Since the Nov. 19 publication of Rolling Stone's shocking story about a premeditated gang rape at a University of Virginia fraternity house, a number of writers have criticized the magazine and writer Sabrina Rubin Erdely for apparently failing to corroborate information given to them by Jackie, the victim of the alleged rape. (Slate's Double XX Gabfest, on which Erdely appeared, was among the first to raise questions.) Today, a Washington Post report calls key details of the Rolling Stone story into question—and the magazine has published a note indicating that it no longer stands behind its piece:
In the face of new information, there now appear to be discrepancies in Jackie's account, and we have come to the conclusion that our trust in her was misplaced. We were trying to be sensitive to the unfair shame and humiliation many women feel after a sexual assault and now regret the decision to not contact the alleged assaulters to get their account. We are taking this seriously and apologize to anyone who was affected by the story.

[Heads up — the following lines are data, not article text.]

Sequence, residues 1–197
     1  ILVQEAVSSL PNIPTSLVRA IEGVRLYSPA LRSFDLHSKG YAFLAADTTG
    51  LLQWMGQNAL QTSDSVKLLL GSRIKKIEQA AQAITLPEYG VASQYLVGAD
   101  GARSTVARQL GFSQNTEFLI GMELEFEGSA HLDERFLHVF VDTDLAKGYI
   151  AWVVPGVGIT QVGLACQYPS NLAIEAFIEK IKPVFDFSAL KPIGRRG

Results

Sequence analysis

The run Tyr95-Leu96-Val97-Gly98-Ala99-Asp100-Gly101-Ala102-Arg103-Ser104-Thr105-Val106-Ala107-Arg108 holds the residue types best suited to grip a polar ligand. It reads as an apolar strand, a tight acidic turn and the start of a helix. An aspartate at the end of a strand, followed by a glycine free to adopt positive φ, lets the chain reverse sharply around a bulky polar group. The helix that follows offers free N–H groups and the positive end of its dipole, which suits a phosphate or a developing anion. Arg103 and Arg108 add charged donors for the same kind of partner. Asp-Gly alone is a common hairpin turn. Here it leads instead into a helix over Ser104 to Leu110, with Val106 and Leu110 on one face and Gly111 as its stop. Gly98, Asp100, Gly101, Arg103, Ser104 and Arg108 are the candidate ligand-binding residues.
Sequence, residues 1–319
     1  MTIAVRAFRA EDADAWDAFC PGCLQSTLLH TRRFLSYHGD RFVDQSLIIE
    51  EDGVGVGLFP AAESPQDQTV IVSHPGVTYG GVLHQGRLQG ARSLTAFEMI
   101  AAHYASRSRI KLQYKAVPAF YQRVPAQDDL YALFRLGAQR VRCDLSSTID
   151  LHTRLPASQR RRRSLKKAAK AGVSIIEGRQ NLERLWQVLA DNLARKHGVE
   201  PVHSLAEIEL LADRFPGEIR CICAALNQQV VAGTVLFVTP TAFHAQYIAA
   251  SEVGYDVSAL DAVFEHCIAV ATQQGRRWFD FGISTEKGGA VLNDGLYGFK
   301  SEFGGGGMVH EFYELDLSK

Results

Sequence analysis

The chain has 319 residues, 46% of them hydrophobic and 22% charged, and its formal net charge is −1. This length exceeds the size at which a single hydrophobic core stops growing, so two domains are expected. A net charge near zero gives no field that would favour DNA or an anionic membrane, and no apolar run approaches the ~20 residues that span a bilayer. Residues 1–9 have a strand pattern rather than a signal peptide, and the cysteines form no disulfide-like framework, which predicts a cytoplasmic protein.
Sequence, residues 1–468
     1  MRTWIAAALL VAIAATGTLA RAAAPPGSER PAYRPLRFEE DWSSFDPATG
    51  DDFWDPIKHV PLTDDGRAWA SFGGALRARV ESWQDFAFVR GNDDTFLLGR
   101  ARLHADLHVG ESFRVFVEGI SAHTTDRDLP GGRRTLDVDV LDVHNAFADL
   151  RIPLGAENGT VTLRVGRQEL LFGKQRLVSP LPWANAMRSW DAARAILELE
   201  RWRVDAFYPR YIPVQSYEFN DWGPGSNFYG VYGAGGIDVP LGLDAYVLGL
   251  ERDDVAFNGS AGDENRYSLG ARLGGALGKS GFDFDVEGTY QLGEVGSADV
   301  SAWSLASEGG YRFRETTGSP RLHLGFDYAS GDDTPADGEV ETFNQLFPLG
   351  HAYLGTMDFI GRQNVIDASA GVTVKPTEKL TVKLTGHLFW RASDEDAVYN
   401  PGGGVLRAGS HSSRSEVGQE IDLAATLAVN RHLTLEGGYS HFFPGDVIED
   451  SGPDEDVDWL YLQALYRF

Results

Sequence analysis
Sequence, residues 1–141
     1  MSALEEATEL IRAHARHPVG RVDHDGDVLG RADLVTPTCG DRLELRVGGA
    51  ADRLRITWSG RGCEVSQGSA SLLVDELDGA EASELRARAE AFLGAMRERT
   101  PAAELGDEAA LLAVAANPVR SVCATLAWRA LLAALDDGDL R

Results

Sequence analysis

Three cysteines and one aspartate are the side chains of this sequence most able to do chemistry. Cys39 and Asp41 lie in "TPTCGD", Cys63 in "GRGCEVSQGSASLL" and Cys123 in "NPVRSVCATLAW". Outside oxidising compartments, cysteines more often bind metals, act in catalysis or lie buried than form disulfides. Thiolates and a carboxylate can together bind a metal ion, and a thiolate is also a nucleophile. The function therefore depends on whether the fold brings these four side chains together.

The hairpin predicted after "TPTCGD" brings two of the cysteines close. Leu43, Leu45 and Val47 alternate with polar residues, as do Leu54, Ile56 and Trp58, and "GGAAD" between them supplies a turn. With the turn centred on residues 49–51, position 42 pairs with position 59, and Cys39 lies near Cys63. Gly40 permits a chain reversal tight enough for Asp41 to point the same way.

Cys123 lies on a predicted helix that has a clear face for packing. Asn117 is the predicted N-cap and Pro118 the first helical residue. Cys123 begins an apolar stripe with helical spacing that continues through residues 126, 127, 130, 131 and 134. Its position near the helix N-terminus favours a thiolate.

The Post reports that Phi Kappa Psi, the fraternity named in the story as the location of the attack, is preparing to release a statement "rebutting" claims made in Rolling Stone:
Officials close to the fraternity said that the statement will indicate that Phi Kappa Psi did not host a party on Sept. 28, 2012, the night that a university student named Jackie alleges she was invited to a date party, lured into an upstairs room and was then ambushed and gang-raped by seven men who were rushing the fraternity.
The officials also said that no members of the fraternity were employed at the university’s Aquatic Fitness Center during that time frame — a detail Jackie provided in her account to Rolling Stone and in interviews with The Washington Post — and that no member of the house matches the description detailed in the Rolling Stone account.
Jackie told the Post she stands by her telling of her story, and reiterated that she was raped—but also "acknowledged" to the paper that some details in the Rolling Stone article "might not be accurate."